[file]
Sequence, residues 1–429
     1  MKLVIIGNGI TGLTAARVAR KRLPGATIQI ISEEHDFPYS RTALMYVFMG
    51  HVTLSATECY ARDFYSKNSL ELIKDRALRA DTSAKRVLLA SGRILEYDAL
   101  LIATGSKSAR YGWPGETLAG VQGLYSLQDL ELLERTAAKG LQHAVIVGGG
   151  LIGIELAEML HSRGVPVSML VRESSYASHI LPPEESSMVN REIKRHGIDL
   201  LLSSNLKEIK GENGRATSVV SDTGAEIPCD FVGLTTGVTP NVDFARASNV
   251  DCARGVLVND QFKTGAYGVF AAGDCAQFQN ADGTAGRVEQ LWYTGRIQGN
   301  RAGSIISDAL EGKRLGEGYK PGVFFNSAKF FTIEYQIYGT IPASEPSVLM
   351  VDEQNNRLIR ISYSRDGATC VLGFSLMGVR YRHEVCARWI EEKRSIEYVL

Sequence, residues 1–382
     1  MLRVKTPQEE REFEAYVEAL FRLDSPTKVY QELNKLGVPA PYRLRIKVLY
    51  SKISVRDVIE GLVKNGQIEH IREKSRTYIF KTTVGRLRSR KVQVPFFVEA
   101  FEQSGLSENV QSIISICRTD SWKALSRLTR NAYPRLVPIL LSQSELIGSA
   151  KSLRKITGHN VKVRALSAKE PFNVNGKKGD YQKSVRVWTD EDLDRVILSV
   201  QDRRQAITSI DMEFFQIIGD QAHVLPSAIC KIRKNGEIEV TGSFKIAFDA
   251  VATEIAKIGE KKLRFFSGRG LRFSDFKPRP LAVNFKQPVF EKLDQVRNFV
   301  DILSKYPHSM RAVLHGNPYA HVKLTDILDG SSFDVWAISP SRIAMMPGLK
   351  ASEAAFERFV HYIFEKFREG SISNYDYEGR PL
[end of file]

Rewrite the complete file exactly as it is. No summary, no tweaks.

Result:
Sequence, residues 1–429
     1  MKLVIIGNGI TGLTAARVAR KRLPGATIQI ISEEHDFPYS RTALMYVFMG
    51  HVTLSATECY ARDFYSKNSL ELIKDRALRA DTSAKRVLLA SGRILEYDAL
   101  LIATGSKSAR YGWPGETLAG VQGLYSLQDL ELLERTAAKG LQHAVIVGGG
   151  LIGIELAEML HSRGVPVSML VRESSYASHI LPPEESSMVN REIKRHGIDL
   201  LLSSNLKEIK GENGRATSVV SDTGAEIPCD FVGLTTGVTP NVDFARASNV
   251  DCARGVLVND QFKTGAYGVF AAGDCAQFQN ADGTAGRVEQ LWYTGRIQGN
   301  RAGSIISDAL EGKRLGEGYK PGVFFNSAKF FTIEYQIYGT IPASEPSVLM
   351  VDEQNNRLIR ISYSRDGATC VLGFSLMGVR YRHEVCARWI EEKRSIEYVL

Sequence, residues 1–382
     1  MLRVKTPQEE REFEAYVEAL FRLDSPTKVY QELNKLGVPA PYRLRIKVLY
    51  SKISVRDVIE GLVKNGQIEH IREKSRTYIF KTTVGRLRSR KVQVPFFVEA
   101  FEQSGLSENV QSIISICRTD SWKALSRLTR NAYPRLVPIL LSQSELIGSA
   151  KSLRKITGHN VKVRALSAKE PFNVNGKKGD YQKSVRVWTD EDLDRVILSV
   201  QDRRQAITSI DMEFFQIIGD QAHVLPSAIC KIRKNGEIEV TGSFKIAFDA
   251  VATEIAKIGE KKLRFFSGRG LRFSDFKPRP LAVNFKQPVF EKLDQVRNFV
   301  DILSKYPHSM RAVLHGNPYA HVKLTDILDG SSFDVWAISP SRIAMMPGLK
   351  ASEAAFERFV HYIFEKFREG SISNYDYEGR PL